Background: Research on the identification and treatment of problem gambling has been characterized by a wide range of outcome measures and instruments. However, a single instrument measuring gambling behavior, severity, and specific deleterious effects is lacking. Objective: This protocol describes the development of the Gambling Disorder Identification Test (G-DIT), which is a 9-to 12-item multiple-choice scale with three domains: gambling consumption, symptom severity, and negative consequences. The scale is analogous to the widely used Alcohol Use Disorders Identification Test (AUDIT) and the Drug Use Disorders Identification Test (DUDIT). Methods: The G-DIT is developed in four steps: (1) identification of items eligible for the G-DIT from a pool of existing gambling measures; (2) presentation of items proposed for evaluation by invited expert researchers through an online Delphi process and subsequent consensus meetings; (3) pilot testing of a draft of the 9- to 12-item version in a small group of participants with problem gambling behavior (n= 12); and (4) evaluation of the psychometric properties of the final G-DIT measure in relation to the existing instruments and self-reported criteria of the Diagnostic and Statistical Manual of Mental Disorders, 5th edition (DSM-5), among individuals with problem gambling and nonproblematic recreational gambling behaviors (n= 600). This protocol article summarizes step 1 and describes steps 2 and 3 in detail. Results: As of October 2018, steps 1-3 are complete, and step 4 is underway. Conclusions: Implementation of this online Delphi study early in the psychometric development process will contribute to the face and construct validity of the G-DIT. We believe the G-DIT will be useful as a standard outcome measure in the field of problem gambling research and serve as a problem-identification tool in clinical settings.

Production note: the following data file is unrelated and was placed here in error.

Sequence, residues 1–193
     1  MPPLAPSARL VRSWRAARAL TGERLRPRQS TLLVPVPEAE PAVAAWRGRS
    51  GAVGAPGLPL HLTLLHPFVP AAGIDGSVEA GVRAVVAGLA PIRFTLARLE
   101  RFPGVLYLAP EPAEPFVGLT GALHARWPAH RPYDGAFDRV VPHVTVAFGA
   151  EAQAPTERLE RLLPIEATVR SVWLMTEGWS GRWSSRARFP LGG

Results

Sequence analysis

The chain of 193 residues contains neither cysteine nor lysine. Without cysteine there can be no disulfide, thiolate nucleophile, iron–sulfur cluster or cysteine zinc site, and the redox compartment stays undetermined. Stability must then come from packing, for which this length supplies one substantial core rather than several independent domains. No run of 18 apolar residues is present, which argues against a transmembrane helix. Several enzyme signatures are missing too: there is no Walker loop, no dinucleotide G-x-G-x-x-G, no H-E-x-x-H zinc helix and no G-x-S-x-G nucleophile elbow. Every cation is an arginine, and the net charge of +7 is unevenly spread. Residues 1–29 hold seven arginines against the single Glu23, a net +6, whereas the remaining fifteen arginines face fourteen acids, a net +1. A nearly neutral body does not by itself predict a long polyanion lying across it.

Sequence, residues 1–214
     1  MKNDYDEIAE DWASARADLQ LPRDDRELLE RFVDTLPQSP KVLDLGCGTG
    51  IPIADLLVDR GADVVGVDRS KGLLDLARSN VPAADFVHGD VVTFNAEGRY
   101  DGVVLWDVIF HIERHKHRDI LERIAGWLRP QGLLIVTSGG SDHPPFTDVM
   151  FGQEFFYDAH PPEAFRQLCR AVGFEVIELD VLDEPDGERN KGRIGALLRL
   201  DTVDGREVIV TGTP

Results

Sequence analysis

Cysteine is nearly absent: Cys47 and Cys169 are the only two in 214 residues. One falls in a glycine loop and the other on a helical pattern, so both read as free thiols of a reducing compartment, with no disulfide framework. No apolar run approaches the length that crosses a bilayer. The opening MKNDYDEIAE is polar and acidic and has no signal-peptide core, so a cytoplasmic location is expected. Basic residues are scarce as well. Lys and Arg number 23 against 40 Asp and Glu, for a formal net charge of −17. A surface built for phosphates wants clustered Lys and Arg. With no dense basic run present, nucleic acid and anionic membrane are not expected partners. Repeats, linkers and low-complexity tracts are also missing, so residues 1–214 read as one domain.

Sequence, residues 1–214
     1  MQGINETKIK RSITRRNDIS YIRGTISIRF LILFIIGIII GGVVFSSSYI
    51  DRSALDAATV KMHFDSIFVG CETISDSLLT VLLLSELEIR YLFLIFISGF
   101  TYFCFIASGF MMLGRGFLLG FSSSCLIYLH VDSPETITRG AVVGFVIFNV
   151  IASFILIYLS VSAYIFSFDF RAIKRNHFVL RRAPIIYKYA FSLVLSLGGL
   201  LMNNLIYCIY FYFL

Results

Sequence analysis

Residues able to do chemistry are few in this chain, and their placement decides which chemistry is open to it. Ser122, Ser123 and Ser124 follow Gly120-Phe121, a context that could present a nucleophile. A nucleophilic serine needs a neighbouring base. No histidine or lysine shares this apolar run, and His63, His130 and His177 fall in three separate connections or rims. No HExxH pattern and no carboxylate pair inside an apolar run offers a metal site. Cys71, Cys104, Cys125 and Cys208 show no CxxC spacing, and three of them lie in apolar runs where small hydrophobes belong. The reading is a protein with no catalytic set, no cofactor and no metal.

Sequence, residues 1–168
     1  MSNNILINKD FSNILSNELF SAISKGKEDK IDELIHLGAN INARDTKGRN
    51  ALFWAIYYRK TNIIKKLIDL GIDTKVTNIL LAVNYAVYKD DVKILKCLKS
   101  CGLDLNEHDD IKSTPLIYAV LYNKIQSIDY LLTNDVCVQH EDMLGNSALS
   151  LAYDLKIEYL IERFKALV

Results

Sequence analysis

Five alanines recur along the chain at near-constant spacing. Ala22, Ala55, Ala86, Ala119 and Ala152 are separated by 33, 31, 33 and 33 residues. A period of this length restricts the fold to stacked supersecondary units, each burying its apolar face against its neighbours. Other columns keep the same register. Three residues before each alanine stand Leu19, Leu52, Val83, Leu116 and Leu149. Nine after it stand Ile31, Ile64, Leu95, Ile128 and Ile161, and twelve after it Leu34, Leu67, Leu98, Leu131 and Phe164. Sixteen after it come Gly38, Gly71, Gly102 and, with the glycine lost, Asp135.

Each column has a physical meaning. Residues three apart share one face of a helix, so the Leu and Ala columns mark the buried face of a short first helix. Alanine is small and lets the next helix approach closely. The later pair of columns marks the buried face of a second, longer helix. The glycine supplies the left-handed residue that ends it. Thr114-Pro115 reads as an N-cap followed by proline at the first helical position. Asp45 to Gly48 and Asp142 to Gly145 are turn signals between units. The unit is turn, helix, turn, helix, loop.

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  • 45. Molander, Olof